In some ways, our doctors are like soldiers, defending our bodies from the ever-present attacks from bacterial infections. Recently, antibiotics, the doctor’s greatest weapon, have become ineffective as an increasing amount of bacteria evolve immunities to the drug's defense. Now scientists at the front line of the war against infection have borrowed yet another military tactic. This time, instead of outright destroying the bacteria, one group of scientists proposes we simply render them defenseless and let our immune systems handle the rest.

In a new study, researchers from the University of Bern in Switzerland have developed a substance they claim can be used to replace antibiotics for the treatment of severe bacterial infections. The substance is made from artificial nanoparticles made from lipids. Named liposomes, these particles were engineered by Dr. Eduard Babiychuk and Annette Draeger from the Institute of Anatomy at the university, according to a press release.

The liposomes are able to closely resemble membranes of the host cells, luring in unsuspecting bacteria. Once the bacteria are close enough, the liposomes attach to them, neutralizing their toxins. According to the press release, without these toxins the bacteria are then weak enough to be destroyed by the body’s own natural immune system.

The researchers hope this substance may soon be used to help battle dangerous infections. “We have made an irresistible bait for bacterial toxins. The toxins are fatally attracted to the liposomes, and once they are attached, they can be eliminated easily without danger for the host cells," said lead researcher Eduard Babiychuk in the press release. In clinical tests, mice that were treated with the lipsome survived fatal septicemia without the need for antibiotics.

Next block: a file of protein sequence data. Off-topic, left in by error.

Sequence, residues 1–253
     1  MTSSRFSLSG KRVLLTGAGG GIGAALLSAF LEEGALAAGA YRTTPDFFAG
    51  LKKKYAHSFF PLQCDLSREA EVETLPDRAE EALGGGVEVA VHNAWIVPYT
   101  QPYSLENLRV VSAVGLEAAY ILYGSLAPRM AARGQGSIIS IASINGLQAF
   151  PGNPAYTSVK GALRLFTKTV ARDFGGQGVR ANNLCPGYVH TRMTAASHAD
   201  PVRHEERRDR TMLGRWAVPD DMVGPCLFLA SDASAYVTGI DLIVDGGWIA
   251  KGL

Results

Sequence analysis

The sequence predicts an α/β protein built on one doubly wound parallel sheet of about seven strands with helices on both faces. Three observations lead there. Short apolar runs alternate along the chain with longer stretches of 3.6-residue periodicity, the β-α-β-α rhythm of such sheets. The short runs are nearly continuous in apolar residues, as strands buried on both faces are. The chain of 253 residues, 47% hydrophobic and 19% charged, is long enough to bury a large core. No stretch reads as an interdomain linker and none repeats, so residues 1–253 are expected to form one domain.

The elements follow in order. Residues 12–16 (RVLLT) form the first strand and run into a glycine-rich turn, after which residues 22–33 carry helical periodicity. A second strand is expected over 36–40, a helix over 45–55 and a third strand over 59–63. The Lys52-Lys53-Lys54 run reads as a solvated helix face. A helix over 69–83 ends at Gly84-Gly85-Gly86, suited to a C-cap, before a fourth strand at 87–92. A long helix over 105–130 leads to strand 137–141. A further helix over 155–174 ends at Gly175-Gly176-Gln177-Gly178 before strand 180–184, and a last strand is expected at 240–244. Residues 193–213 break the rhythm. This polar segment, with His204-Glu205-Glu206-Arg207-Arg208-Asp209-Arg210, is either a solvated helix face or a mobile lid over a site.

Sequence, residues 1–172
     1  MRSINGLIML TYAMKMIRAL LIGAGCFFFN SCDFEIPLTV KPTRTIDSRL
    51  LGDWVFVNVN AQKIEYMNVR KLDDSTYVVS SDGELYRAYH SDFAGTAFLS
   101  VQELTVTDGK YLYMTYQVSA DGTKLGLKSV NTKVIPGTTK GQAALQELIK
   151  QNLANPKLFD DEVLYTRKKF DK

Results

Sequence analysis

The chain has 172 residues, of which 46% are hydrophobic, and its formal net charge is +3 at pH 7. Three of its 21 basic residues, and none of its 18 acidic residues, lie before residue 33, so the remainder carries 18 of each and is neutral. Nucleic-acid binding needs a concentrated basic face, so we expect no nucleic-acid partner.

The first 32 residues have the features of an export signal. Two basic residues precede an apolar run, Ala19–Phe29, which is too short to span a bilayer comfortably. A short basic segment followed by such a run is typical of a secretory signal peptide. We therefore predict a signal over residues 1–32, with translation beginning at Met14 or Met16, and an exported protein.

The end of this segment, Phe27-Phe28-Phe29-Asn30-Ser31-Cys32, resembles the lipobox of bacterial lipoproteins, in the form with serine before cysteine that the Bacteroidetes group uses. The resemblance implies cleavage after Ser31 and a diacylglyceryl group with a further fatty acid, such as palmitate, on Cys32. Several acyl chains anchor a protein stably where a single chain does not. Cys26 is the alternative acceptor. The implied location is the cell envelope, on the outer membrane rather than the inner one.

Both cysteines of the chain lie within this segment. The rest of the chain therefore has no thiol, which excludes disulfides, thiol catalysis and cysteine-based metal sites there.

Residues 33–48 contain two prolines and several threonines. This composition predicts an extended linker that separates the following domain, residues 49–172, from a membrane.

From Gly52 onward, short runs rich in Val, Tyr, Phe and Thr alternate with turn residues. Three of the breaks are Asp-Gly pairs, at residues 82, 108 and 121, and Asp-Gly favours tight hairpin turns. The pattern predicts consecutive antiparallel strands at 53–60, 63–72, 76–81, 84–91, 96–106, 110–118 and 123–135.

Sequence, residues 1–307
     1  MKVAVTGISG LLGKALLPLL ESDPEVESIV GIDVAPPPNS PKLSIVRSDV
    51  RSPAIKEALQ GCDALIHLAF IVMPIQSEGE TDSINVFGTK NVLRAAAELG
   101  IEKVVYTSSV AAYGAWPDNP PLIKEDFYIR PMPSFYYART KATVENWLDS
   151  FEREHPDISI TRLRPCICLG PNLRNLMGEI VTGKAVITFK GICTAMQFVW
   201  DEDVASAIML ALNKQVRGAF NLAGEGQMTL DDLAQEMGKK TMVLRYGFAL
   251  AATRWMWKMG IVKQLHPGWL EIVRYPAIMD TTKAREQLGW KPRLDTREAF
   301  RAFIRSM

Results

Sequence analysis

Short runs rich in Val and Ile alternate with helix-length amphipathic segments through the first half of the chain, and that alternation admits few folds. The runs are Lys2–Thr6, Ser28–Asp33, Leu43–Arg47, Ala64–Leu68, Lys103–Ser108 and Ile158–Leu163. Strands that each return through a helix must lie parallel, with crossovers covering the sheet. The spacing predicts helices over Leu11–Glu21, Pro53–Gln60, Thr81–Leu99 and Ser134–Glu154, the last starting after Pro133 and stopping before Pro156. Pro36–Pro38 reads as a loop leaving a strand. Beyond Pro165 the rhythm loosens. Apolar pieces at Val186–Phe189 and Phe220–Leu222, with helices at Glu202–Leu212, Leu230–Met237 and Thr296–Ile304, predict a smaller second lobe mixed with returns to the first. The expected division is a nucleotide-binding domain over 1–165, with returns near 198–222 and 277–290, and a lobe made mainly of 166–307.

Unlike antibiotics, the toxin-destroying liposomes do not directly target the bacteria. This way they “do not promote the development of bacterial resistance,” Draeger explained.

Drug-resistant bacteria is a serious problem forecast to only get worse unless action is taken. The World Health Organization has named antimicrobial resistance as “an increasingly serious threat to global health that requires action across all government sectors and society.” According to WHO, over-prescription and general misuse of antibiotics has caused bacteria to evolve resistance at an unnatural rate, and today individuals are dying from infections that were previously completely treatable. Although the developments of new antibiotics will prove helpful, ultimately it is believed that methods to battle bacterial infections that do not directly kill the bacteria are also necessary.

Source: Henry BD, Neill DR, Becker KA, et al. Engineered liposomes sequester bacterial exotoxins and protect from severe invasive infections in mice. Nature Biotechnology. 2014.